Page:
In 2022, Jenny decided to make regular exercise a priority. “I am committed to my regular exercise regime and have lost nearly four stones,” she said. “However, it is not an investment in exercise for the sake of exercise, it is an investment in my future self.”

A face-to-face assessment by one of the Centre’s therapists, Joe, revealed Jenny had massive muscular atrophy* on both legs. The team devised a regime of physiotherapy and Pilates specifically tailored to enable Jenny to rebuild muscular strength and improve her balance.

“This is what is great about the Centre, the staff get to know you and your difficulties as well as your strengths and they are so encouraging. Joe and Matt, the Centre’s Pilates instructor, have different approaches and differing senses of humour, but for me, they both know how to lighten the mood and make the exercise enjoyable.”

With the help of the team, Jenny has been working hard to achieve the best outcome possible for her health. “It’s a partnership: try something, see how it works and what effect it has and modify it to improve the outcome. I feel truly cared for as an individual.” Jenny has also joined the book club which has been beneficial in assisting her to rebuild her life after her mental health crisis.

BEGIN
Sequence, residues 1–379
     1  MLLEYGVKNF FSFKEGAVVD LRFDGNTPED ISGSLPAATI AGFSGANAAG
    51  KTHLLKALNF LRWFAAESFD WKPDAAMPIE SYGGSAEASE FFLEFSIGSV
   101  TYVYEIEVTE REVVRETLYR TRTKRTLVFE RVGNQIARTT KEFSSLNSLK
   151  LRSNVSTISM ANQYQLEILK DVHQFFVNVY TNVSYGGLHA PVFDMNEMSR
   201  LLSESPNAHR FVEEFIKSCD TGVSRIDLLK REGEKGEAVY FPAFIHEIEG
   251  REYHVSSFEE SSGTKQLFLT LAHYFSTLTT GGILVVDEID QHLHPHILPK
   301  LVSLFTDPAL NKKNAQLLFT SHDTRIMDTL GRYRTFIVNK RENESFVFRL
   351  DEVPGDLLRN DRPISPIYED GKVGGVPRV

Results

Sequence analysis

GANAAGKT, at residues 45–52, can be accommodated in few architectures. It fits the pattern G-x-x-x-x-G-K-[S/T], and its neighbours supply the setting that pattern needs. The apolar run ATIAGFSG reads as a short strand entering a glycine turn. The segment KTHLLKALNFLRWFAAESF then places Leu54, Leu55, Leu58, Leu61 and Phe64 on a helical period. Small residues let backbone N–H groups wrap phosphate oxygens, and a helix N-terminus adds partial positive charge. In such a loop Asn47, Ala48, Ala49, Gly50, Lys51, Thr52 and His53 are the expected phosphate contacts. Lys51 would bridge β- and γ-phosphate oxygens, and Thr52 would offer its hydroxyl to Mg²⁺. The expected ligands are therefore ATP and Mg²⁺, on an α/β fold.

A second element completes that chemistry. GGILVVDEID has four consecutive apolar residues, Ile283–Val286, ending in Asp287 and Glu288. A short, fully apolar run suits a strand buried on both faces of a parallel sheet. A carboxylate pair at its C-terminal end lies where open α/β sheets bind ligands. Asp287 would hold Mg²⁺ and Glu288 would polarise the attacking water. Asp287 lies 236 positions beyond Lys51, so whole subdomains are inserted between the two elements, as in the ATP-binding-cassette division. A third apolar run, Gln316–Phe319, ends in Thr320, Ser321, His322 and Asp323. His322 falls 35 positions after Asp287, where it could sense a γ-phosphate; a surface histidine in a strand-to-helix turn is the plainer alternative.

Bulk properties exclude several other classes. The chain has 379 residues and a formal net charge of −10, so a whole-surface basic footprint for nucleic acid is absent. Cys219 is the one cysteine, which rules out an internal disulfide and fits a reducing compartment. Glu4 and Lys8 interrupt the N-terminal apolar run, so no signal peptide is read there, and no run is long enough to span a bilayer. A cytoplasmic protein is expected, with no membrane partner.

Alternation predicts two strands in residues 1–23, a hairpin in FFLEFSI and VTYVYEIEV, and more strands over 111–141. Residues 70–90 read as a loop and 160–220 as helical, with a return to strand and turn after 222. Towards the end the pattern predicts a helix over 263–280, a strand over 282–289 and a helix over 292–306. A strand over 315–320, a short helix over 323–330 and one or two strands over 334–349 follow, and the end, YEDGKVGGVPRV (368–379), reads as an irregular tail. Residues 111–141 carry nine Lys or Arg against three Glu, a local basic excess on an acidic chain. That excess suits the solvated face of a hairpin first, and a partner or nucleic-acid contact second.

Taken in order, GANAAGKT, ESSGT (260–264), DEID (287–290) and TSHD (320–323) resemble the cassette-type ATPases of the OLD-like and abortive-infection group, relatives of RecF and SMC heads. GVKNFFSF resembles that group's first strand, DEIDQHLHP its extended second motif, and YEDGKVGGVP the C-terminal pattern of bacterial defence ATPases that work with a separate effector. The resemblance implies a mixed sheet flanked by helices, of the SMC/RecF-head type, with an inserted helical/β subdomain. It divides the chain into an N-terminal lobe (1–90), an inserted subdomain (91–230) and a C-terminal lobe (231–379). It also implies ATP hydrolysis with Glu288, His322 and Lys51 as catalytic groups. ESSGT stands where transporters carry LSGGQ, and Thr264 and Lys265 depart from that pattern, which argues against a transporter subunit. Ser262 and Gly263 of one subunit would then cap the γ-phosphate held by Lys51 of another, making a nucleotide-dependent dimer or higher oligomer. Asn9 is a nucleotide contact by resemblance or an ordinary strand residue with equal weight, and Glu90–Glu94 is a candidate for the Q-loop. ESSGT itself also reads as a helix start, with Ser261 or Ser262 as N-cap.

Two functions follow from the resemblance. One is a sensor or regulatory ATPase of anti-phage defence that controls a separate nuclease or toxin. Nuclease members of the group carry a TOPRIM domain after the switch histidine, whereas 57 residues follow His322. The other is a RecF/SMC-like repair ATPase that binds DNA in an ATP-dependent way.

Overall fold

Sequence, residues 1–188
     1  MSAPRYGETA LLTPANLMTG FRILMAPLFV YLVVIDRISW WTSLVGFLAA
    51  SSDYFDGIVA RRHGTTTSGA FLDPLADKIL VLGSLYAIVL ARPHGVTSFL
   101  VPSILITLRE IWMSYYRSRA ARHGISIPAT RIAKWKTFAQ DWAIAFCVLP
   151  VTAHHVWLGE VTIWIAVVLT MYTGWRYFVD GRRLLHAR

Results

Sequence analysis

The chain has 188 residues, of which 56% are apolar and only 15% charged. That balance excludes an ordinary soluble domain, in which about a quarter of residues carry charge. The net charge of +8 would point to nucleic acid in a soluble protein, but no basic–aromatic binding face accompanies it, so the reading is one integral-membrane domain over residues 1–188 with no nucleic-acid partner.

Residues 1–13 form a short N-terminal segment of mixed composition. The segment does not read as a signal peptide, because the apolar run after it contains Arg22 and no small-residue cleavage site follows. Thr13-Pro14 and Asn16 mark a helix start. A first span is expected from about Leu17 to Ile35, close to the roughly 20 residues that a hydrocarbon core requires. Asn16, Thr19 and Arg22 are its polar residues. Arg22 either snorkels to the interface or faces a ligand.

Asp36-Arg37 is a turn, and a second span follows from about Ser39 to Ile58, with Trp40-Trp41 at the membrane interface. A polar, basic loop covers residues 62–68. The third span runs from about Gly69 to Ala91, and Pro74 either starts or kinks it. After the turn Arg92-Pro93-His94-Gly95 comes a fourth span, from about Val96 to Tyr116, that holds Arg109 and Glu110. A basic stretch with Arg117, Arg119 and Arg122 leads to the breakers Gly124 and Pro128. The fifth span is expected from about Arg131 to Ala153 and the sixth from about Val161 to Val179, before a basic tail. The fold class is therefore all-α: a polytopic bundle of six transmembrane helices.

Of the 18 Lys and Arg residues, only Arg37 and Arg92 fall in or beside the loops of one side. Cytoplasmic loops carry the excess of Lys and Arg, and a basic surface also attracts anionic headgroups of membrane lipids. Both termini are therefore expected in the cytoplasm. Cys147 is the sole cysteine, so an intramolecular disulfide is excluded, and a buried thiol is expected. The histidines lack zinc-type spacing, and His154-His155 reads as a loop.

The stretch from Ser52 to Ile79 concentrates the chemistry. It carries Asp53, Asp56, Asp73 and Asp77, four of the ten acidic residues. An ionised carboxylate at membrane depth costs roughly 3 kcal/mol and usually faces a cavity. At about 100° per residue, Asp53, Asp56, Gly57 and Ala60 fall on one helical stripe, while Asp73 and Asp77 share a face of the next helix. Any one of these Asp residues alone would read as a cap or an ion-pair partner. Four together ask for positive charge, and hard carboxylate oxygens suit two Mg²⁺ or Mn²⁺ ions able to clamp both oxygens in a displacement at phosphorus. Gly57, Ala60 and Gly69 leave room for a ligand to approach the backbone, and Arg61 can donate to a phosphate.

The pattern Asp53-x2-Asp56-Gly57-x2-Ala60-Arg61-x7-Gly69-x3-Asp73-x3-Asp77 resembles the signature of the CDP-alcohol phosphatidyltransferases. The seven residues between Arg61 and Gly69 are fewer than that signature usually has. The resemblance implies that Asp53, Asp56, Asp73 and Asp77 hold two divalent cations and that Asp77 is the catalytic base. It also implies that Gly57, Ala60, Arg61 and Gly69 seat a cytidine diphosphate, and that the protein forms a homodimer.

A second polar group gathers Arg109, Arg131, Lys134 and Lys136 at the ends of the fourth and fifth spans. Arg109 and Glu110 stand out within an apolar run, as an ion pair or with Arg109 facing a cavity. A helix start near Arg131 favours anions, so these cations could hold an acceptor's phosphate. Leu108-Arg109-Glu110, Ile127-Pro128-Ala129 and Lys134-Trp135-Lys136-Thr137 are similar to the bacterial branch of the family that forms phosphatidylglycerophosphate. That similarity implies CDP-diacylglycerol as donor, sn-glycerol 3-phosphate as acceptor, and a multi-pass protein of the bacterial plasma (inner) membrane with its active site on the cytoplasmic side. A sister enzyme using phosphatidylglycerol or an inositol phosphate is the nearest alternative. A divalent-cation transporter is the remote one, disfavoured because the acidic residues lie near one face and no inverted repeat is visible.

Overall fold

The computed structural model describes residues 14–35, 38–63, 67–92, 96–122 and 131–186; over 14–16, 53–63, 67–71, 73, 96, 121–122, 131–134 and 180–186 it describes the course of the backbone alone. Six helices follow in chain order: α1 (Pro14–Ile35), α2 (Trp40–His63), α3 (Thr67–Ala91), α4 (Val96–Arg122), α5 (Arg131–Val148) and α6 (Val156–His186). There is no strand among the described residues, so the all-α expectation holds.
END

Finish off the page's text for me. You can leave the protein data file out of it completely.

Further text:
“If I had not found the Centre I would not have a fantastic source of support and I would be far more immobile and vulnerable to falling. I would be in a downward spiral of decline rather than experiencing a gradual improvement in my situation.”

Matt is very encouraging about Jenny’s remarkable progress, “we are a million miles from where we started!” he said.

Smiling lady playing a game of table tennis. Her opponent (out of picture) has just hit the ball into the next.Jenny realised her ambition to become a maths teacher and currently works at a sixth-form college. Whilst she isn’t yet ready to retire, she is actively exploring what she would like to change to ensure she is well and content in the future. This includes one day having a dog, but most importantly staying well enough to be there for her girls. “My life is very much a work in progress and I don’t know how it will develop, but I know the Centre will be a big part of it.”

Jenny’s advice to anyone considering becoming a member of the Centre is “Give it a go! What you join in with might surprise you but you will meet a whole bunch of people, whether they are members, volunteers or staff, who understand what it’s like to live with a challenging health condition and will do their utmost to support you to achieve what you want to achieve.”

If you would like to take part in any of the services mentioned above, please contact the Centre by emailing info@chilternsneurocentre.org, by phoning 01296 696133, or speak to your normal physiotherapist who will be able to advise you on how to take part.

* Muscular atrophy is when the muscles waste away, usually through the lack of physical activity. When an illness such as MS makes it difficult to move an arm or leg, the lack of mobility can result in muscle wasting. In some cases the muscle wasting can be reversed with a proper diet, exercise, or physical therapy.